In an abrupt about-face, the U.S. Navy announced Wednesday that its sailors may keep their existing rating titles, effective immediately. The announcement suspends the service's plans to replace its system of 60 titles with a simple set of seven enlisted ranks, comparable to those in use in the other service branches.
The U.S. Navy adopted its enlisted rating system from the Royal Navy, and its basic structure predates the existence of the United States. Under the direction of Secretary of the Navy Ray Mabus, the Navy’s top leadership moved to eliminate it, arguing that the time-honored designations limit flexibility and translate poorly to the civilian job marketplace.
The proposed rank system has drawn widespread criticism. Mabus and his staff have worked hard to promote it over the past three months, but on Wednesday they conceded that it has become a distraction. "The feedback from current and former Sailors has been consistent that there is wide support for the flexibility that the [modernization] plan offers, but the removal of rating titles detracted from accomplishing our major goals," said Chief of Naval Operations (CNO) Admiral John Richardson in a statement.
A broader review of the ratings system will proceed, but it will not be discarded in its entirety. "As we looked at rating modernization effort over the past few months, we saw that we could still achieve the positive results we want without changing rating titles right now," said the Navy's Chief of Personnel Vice Adm. Robert Burke. "However, modernizing our industrial-age personnel system in order to provide Sailors choice and flexibility still remains a priority for us. Our personnel system has not fundamentally changed since the 1970s, and just like our ships, aircraft and weapons systems, it needs updates to keep pace with a rapidly changing world."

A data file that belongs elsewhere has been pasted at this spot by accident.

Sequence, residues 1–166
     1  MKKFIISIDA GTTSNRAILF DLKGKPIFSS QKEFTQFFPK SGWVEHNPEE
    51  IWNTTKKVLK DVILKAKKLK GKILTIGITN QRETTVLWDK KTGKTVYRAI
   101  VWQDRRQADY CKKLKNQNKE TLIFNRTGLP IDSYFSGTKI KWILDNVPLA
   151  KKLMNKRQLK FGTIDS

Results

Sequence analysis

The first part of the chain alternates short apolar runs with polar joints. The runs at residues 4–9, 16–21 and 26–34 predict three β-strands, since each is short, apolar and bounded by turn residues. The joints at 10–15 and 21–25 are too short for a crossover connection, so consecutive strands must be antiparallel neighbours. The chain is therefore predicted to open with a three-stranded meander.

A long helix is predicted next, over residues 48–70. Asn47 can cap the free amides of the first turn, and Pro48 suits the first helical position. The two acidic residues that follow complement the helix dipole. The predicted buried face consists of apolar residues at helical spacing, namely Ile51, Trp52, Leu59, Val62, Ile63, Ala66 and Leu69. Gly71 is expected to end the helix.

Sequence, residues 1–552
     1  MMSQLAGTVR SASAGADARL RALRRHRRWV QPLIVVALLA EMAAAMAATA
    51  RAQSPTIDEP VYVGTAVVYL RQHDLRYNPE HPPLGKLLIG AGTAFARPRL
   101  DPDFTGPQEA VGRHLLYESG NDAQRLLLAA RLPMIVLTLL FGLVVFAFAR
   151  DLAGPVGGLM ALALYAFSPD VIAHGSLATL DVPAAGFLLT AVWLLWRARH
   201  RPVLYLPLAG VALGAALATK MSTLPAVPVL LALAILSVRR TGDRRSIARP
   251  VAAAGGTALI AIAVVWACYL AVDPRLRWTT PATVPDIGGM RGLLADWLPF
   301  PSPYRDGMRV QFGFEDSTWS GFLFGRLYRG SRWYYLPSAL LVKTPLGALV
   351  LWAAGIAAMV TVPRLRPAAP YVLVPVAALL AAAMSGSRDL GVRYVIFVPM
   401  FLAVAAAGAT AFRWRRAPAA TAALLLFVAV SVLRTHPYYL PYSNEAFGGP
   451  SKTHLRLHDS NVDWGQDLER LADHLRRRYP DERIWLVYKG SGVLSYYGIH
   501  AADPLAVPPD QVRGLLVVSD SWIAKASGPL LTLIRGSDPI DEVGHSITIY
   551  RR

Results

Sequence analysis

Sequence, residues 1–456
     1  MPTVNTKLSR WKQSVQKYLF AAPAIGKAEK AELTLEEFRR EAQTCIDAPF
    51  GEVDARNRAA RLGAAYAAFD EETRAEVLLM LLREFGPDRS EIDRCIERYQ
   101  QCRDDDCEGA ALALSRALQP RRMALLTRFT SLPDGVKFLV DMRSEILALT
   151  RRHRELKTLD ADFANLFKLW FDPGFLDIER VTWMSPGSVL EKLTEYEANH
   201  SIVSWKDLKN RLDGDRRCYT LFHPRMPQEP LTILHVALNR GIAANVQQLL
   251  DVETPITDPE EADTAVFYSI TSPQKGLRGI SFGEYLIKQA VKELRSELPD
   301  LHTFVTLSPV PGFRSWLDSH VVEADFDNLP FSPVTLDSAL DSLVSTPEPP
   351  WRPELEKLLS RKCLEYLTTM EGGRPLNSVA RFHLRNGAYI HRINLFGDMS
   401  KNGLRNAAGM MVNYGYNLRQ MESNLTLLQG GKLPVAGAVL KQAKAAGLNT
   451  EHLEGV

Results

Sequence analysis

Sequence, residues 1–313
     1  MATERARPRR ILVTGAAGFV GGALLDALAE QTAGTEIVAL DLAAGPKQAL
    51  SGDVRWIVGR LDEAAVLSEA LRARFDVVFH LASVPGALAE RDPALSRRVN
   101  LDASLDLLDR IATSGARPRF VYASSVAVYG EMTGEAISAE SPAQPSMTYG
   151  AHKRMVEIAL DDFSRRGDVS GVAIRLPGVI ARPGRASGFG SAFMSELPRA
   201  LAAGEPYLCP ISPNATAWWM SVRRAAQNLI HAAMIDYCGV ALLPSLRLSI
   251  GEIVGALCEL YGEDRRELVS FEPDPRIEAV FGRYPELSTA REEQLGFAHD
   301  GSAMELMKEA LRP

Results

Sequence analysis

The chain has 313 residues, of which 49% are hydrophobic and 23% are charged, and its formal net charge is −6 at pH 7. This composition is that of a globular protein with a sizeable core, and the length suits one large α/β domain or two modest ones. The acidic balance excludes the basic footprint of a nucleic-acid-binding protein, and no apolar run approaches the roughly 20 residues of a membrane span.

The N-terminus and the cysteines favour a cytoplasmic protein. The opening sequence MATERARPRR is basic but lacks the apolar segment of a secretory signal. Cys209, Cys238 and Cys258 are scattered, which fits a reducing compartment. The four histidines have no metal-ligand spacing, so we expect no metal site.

The military news outlet Stars and Stripes interviewed sailors across the fleet to get their reactions to Wednesday's announcement, and it found that servicemembers broadly support retaining the rating system. "What we know from joining the Navy is your rate is your job and your job defines what you do,” said fire controlman James Warren, a petty officer first class serving on the USS Chancellorsville. “The ratings going away threw a wrench in that equation and there was mayhem. I’m glad the ratings are coming back because that’s who we are.”